Volatility, the Macroeconomy and Asset Prices

54 Pages Posted: 25 May 2012

See all articles by Ravi Bansal

Ravi Bansal

Duke University and NBER

Dana Kiku

University of Illinois at Urbana-Champaign

Ivan Shaliastovich

University of Wisconsin - Madison

Amir Yaron

University of Pennsylvania -- Wharton School of Business; National Bureau of Economic Research (NBER)

Date Written: May 2012

Abstract

We show that volatility movements have first-order implications for consumption dynamics and asset prices. Volatility news affects the stochastic discount factor and carries a separate risk premium. In the data, volatility risks are persistent and are strongly correlated with discount-rate news. This evidence has important implications for the return on aggregate wealth and the cross-sectional differences in risk premia. Estimation of our volatility risks based model yields an economically plausible positive correlation between the return to human capital and equity, while this correlation is implausibly negative when volatility risk is ignored. Our model setup implies a dynamics capital asset pricing model (DCAPM) which underscores the importance of volatility risk in addition to cash-flow and discount-rate risks. We show that our DCAPM accounts for the level and dispersion of risk premia across book-to-market and size sorted portfolios, and that equity portfolios carry positive volatility-risk premia.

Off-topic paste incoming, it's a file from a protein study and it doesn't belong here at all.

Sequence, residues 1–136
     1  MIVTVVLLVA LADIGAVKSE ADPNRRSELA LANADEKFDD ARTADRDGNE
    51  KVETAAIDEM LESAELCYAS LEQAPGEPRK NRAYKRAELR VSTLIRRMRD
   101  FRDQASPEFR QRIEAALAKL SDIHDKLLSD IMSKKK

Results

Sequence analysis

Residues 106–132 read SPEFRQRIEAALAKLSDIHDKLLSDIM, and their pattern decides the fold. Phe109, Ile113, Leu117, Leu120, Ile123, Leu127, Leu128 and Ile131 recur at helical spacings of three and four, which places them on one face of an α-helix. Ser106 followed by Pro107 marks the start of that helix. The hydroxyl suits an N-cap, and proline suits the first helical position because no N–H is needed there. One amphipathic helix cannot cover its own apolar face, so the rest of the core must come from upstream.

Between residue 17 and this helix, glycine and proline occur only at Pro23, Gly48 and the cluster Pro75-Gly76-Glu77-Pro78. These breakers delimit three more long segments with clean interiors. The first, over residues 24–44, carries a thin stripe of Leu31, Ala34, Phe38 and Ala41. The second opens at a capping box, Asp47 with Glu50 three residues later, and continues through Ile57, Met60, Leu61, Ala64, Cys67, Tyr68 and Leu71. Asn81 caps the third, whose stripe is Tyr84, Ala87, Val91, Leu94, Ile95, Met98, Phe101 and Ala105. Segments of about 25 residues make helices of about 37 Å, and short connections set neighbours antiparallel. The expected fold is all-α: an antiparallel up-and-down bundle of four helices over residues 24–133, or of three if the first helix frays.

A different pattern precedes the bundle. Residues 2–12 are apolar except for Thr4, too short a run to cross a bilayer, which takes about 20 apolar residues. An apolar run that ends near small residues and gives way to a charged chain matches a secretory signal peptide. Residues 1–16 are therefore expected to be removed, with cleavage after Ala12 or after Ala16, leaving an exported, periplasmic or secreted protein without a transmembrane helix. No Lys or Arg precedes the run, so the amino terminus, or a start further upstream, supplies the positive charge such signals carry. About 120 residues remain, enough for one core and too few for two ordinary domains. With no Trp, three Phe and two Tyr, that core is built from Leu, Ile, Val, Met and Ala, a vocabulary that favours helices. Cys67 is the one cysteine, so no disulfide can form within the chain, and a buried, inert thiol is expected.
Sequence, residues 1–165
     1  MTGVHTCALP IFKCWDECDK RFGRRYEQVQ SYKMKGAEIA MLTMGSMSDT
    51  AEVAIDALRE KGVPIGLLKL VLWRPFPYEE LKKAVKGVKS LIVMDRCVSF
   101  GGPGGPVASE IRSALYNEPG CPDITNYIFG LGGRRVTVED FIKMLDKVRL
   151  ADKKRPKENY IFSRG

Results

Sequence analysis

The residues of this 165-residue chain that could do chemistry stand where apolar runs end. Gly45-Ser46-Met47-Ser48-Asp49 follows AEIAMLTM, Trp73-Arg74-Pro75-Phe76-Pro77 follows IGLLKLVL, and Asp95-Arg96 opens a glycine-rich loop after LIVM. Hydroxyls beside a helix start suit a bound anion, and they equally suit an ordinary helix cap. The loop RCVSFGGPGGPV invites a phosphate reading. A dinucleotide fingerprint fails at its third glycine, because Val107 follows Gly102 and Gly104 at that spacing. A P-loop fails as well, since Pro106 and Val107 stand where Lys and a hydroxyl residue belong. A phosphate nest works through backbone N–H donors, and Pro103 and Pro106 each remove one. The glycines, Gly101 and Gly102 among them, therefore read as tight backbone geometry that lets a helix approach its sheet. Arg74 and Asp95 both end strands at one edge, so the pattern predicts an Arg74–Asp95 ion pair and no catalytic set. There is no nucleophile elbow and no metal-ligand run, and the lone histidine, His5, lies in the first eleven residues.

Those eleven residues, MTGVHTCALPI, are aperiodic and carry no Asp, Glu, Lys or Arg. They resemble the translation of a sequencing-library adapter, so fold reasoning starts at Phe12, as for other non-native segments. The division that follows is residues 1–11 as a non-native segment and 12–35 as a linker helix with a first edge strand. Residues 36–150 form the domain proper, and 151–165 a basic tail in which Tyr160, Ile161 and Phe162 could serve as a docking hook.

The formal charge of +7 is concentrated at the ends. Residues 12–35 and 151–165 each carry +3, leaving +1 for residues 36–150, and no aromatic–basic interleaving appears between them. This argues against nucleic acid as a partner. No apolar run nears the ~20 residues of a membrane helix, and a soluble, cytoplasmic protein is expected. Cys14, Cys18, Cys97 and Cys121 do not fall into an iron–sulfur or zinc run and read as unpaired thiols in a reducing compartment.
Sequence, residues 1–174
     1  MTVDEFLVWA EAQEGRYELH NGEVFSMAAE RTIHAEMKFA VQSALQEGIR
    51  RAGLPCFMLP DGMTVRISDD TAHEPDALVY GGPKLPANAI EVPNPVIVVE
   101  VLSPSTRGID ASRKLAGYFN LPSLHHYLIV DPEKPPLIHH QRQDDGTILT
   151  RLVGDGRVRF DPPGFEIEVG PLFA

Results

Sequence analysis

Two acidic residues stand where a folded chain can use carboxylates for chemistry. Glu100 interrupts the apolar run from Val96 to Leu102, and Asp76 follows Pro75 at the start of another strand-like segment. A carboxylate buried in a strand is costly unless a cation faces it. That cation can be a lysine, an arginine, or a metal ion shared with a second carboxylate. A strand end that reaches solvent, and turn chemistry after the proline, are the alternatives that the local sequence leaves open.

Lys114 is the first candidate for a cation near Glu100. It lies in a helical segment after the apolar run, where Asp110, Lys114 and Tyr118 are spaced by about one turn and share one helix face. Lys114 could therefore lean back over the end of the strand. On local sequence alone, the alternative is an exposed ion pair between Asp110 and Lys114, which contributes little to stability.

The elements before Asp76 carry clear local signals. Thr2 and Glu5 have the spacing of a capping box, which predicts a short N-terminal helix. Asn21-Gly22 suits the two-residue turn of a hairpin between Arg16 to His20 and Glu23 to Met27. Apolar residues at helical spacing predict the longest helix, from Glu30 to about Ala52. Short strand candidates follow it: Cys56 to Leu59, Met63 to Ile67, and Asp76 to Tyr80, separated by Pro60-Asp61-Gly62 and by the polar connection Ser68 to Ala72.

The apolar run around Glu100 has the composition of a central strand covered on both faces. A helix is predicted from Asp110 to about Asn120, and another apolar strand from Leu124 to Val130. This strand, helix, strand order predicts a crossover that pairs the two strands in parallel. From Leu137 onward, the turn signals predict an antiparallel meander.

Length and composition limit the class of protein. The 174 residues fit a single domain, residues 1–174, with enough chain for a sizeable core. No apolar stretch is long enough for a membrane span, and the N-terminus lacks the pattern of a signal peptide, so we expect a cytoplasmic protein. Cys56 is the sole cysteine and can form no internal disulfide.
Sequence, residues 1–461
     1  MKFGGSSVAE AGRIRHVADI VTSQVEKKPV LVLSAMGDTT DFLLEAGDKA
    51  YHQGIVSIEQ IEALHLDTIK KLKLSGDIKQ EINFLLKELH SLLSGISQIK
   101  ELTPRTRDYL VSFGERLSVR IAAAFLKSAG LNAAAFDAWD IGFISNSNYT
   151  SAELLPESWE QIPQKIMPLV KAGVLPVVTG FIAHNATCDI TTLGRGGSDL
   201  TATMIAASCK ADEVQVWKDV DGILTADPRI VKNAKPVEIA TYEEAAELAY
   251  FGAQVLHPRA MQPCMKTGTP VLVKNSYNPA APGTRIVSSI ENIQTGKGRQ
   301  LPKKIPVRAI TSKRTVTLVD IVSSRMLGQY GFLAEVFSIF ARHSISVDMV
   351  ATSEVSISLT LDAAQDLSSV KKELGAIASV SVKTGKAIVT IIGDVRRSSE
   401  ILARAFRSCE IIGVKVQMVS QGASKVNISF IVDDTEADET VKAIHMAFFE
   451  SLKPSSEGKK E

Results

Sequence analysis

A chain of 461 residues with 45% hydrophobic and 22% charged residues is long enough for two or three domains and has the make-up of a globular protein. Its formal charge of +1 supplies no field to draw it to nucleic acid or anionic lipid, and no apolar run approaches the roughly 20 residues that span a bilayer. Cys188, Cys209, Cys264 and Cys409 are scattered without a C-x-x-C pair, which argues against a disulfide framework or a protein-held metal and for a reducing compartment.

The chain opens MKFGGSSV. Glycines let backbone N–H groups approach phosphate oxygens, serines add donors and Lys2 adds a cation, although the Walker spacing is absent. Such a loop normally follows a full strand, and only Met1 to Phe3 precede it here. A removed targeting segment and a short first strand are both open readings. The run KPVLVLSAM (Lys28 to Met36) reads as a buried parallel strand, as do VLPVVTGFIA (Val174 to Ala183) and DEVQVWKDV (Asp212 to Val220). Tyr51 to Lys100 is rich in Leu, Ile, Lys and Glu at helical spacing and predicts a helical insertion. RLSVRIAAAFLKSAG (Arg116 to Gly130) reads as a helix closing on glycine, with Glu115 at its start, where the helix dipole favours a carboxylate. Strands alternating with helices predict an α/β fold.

Suggested Citation

Bansal, Ravi and Kiku, Dana and Shaliastovich, Ivan and Yaron, Amir, Volatility, the Macroeconomy and Asset Prices (May 2012). NBER Working Paper No. w18104, Available at SSRN: https://ssrn.com/abstract=2066401

Ravi Bansal (Contact Author)

Duke University and NBER ( email )

Box 90120
Durham, NC 27708-0120
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919-660-8038 (Fax)

Dana Kiku

University of Illinois at Urbana-Champaign ( email )

601 E John St
Champaign, IL 61820
United States

Ivan Shaliastovich

University of Wisconsin - Madison ( email )

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Madison, WI 53706-1481
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Amir Yaron

University of Pennsylvania -- Wharton School of Business ( email )

The Wharton School
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Philadelphia, PA 19104
United States
215-898-1241 (Phone)
215-898-6200 (Fax)

National Bureau of Economic Research (NBER) ( email )

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